Also, I work a project until I’m thoroughly exhausted; then I walk away* depleted. And I do walk away. It’s common for me to return to areas of interest after these desertions, but I don’t take them all up again.

My interest in a subject rarely subsides, but my activity in that given area rarely draws a shallow curve or a sensible straight line of steady progress. Jagged peaks and desolate valleys do a better job of depicting my levels of effort over time.

You can see it on my blog. I’ve considered composing posts and spacing them out on a sensible schedule of distributed areas of interest, but… I don’t really want to. Because, when I’m obsessed with camping equipment, or studying German, or maximizing minivan efficiency for a road trip, or the vital importance of true mastery of algebraic concepts, that is what I want to talk about, almost exclusively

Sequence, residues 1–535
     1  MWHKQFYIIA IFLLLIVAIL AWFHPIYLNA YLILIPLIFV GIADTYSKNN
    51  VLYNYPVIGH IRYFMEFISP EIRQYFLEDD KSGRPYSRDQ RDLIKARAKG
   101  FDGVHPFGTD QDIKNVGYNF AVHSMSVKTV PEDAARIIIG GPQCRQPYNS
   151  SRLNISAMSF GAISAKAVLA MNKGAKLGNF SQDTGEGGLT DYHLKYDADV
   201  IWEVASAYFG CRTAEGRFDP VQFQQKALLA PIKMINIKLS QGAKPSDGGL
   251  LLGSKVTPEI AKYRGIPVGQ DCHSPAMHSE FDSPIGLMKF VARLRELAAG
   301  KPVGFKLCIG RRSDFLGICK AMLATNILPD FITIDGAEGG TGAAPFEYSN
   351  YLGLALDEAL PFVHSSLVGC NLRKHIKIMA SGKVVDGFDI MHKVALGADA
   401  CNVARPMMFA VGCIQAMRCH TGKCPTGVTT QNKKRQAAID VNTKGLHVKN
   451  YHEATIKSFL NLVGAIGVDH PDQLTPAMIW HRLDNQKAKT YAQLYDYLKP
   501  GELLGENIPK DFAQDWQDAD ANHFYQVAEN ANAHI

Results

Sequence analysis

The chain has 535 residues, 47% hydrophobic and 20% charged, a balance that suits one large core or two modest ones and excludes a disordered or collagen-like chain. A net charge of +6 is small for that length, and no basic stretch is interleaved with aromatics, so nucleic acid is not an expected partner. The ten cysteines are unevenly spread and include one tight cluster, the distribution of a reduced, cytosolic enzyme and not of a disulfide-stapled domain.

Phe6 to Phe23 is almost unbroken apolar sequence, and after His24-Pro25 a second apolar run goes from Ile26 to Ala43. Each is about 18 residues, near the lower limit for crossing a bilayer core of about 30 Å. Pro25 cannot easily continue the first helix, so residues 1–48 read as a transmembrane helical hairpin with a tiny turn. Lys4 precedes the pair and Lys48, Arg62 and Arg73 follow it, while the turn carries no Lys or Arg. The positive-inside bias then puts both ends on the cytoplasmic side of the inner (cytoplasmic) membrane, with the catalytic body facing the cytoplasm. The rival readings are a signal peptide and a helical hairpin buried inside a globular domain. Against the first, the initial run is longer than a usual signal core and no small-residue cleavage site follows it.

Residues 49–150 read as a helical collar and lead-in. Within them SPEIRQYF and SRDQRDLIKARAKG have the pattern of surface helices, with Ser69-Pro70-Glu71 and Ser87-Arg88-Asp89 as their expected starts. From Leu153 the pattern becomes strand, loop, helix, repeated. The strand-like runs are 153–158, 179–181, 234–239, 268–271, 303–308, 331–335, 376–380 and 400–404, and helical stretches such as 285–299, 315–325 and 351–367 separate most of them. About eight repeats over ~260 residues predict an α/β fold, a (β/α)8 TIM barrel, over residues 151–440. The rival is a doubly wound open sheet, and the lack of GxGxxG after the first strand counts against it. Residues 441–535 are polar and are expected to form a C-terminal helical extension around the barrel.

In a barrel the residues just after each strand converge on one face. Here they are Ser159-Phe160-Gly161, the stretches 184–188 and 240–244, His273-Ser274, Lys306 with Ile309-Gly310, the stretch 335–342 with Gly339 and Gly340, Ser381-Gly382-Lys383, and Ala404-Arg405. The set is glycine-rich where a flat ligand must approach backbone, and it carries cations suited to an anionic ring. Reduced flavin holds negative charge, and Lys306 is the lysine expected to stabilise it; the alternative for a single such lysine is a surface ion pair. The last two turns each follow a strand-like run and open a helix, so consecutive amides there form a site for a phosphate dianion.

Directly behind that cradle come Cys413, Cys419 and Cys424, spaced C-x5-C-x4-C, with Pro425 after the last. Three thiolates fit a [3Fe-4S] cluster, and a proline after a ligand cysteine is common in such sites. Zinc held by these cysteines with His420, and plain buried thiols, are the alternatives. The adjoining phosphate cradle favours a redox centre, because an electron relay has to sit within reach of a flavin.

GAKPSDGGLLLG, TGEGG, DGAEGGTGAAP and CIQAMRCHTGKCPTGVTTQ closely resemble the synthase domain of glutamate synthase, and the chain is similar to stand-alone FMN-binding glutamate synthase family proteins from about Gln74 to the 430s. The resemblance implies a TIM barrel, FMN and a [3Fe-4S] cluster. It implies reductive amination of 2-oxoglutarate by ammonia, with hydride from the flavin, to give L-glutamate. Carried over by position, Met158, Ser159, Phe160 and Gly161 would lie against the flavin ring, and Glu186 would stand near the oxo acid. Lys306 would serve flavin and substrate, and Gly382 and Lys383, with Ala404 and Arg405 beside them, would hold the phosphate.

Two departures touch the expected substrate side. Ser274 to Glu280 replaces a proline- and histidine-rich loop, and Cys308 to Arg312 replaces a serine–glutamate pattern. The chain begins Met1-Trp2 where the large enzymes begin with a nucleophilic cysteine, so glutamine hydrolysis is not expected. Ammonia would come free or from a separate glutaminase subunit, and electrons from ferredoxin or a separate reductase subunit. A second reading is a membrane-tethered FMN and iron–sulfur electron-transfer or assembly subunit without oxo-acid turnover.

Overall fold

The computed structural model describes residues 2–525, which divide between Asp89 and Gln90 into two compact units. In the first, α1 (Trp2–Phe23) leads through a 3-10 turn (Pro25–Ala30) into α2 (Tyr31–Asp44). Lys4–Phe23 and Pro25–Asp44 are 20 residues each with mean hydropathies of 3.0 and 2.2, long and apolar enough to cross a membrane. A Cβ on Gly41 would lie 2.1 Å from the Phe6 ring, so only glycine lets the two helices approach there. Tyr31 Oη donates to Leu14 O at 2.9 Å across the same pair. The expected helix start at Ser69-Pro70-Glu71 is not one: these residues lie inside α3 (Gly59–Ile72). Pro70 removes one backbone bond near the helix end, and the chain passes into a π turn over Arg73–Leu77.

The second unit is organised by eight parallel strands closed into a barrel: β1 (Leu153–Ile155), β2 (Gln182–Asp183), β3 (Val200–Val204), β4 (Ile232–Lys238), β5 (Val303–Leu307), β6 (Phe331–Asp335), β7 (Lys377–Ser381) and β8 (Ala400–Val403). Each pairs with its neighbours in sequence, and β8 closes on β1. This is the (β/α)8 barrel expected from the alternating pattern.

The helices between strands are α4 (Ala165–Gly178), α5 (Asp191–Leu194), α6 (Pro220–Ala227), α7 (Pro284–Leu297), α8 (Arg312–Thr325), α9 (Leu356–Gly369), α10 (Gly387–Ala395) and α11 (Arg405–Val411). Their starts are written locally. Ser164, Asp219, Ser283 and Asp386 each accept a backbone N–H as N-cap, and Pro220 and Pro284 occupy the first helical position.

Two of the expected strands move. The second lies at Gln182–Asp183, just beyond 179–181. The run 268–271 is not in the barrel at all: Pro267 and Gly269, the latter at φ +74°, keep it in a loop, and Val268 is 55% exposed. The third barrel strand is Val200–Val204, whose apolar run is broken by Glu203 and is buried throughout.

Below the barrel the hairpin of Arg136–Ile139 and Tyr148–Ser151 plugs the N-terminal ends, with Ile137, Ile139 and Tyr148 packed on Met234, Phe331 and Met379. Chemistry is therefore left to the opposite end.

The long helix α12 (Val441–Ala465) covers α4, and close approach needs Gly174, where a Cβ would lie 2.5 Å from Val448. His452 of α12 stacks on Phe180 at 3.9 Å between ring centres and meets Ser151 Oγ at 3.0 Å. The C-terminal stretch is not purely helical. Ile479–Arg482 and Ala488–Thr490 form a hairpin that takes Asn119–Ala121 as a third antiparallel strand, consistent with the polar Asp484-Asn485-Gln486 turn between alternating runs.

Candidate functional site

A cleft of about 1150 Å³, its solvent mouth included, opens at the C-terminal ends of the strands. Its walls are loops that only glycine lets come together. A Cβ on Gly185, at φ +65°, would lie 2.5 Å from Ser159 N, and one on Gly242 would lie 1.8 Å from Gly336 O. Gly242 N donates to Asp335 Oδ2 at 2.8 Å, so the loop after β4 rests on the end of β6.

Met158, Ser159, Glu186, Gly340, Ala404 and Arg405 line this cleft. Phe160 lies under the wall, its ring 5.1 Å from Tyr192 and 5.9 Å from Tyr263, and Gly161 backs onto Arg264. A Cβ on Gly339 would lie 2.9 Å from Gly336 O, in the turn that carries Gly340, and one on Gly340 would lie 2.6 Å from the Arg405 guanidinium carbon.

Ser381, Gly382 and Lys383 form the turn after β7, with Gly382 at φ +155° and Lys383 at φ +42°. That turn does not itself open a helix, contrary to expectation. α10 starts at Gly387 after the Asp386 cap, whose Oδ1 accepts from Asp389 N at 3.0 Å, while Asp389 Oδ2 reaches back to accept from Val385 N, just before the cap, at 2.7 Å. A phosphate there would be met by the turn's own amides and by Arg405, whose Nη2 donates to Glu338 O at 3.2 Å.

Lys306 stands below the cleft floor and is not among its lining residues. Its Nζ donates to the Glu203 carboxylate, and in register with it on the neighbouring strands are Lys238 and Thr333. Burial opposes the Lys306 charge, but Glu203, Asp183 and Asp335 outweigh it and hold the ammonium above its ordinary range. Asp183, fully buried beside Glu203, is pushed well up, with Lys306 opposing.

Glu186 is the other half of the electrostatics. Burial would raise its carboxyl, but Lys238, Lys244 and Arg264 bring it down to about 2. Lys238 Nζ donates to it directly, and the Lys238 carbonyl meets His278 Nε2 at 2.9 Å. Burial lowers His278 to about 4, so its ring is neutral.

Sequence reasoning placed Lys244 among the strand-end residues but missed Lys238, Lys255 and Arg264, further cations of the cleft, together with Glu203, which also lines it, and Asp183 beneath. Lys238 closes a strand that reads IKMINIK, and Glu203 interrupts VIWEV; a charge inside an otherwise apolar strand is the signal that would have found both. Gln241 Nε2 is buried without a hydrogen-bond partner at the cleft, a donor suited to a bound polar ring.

until the next month, when I move on to the next thing. It’s fair to describe me as somewhat obsessive. I also accept the label of dilettante.

Which brings me back around to what I’ve done. I’ve hitched a young lady’s wagon to my erratic star, and it’s making me nervous.

I’m not a math teacher. I’m only marginally reliable. What have I done?

And yet…

…my young friend, whom I’ll call The Scholar, is exhibiting patterns I expected from the story I heard about her school experience. I gave her a series of pre- and post-tests from my various textbooks, and here’s what I uncovered:

  • She sees a novel problem, and she’s inclined to shut down. She sees each one as an opportunity to be judged a failure, not a chance to learn a new way to answer her own questions in the future.